"Maybe one-third of my files went through without a hitch; The other two-thirds, something stopped," she said. "If you were two people or more ... if you put in that you currently had coverage but it was ending on a specific date, the system should have been able to read that and say 'great, you'll need coverage from this point forward' (but) it couldn't. It would glom it up and stop it right there."

Cover Oregon's webinar did address error messages stating, "Not every applicant will continue enrollment in one go" because of complex cases, a lack of a fixed addresses and inputting errors.

For her part, Lettenmaier was not convinced the website was as ready as Oracle claimed.

"In my opinion, it would not have been something successful giving to the public," Lettenmaier said.

The Cover Oregon website was a state-run online marketplace where Oregonians could find and purchase health insurance, but it had arguably one of the worst rollouts in the country.

When it became clear that the troubled website jeopardized enrollment, Cover Oregon hired more than 400 temporary workers to process paper applications. The hires were a backup plan while Cover Oregon staff fixed the bugs in the website. But the subsequent switch to hand-processed paper forms has left an untold number of their applications in processing limbo.

Despite a grand vision, an earlier start and millions of dollars from the government, the website has been in shambles since its Oct. 1 launch date. The Cover Oregon Board has since decided to scrap Cover Oregon for federal exchange technology.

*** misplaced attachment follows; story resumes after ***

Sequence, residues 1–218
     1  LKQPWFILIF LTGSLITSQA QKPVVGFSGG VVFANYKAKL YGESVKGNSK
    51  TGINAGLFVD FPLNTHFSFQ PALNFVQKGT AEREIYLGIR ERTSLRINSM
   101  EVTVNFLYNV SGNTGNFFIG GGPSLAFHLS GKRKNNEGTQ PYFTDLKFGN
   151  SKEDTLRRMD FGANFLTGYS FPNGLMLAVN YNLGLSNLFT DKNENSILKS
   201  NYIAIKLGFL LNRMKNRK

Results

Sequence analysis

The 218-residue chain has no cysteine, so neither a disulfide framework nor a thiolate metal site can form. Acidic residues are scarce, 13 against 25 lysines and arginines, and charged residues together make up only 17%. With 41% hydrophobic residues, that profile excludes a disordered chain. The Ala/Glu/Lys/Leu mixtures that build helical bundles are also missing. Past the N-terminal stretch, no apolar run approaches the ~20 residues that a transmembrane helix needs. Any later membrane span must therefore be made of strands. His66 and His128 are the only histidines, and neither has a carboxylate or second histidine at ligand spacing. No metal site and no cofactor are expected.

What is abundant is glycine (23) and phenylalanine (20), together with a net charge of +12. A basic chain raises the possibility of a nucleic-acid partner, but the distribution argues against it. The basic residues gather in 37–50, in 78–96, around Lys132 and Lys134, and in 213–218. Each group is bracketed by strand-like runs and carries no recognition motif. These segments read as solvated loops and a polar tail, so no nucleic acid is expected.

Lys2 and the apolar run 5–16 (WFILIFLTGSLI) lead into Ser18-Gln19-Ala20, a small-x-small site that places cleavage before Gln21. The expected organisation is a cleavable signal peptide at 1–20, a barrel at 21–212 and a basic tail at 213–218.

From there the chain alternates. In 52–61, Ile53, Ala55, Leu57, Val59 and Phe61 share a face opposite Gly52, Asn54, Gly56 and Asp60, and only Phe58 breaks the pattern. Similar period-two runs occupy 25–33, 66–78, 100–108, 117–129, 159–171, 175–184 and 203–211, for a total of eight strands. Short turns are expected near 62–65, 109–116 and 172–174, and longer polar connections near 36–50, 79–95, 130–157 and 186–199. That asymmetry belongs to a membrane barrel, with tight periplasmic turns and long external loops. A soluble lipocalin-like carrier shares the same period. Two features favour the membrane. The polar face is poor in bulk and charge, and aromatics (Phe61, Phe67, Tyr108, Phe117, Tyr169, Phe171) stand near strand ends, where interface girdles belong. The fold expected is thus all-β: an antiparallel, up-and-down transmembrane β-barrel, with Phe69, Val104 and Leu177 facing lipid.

The state spent almost $250 million on the site, including costs to fix it, before Oregon Gov. John Kitzhaber announced it would transition to the federal exchange.

Kitzhaber called for a lawsuit late last month.

"Oracle's failure is unacceptable to Oregonians who need and deserve access to quality health care and who have been faced with months of uncertainty," Kitzhaber testified before an Oregon legislative committee. "The failed rollout of Cover Oregon has cast a shadow on these reform efforts, the success of which are absolutely crucial to the future of this state. So the time has come to hold Oracle accountable for failing to deliver technology that worked on the timelines that they agreed to."

So how does Cover Oregon explain Oracle's claims they abandoned the project that seemed to have been performing reasonably well?

The On Your Side Investigators contacted Cover Oregon several times Monday, including stopping by the Cover Oregon headquarters in Durham.

They were told interim Executive Director Clyde Hamstreet was unavailable, but he sent On Your Side Investigator Chelsea Kopta the following email statement:

"Our firm's work at Cover Oregon began on April 10th and I am unable to comment on events prior to that time. What I can say is that my firm after a thorough and sufficient review of the risk, cost, time available and other business implications, recommend Cover Oregon adopt the IT Committee's recommendation to use the federal technology. It is was a sound decision at the time and one that I continue to stand by."

The On Your Side Investigators also contacted Cover Oregon's interim chief information officer, Alex Pettit; every member of the Cover Oregon board, as well as several other insurance agents for comment. Calls and emails were not immediately returned.

Full coverage of the troubled Cover Oregon website: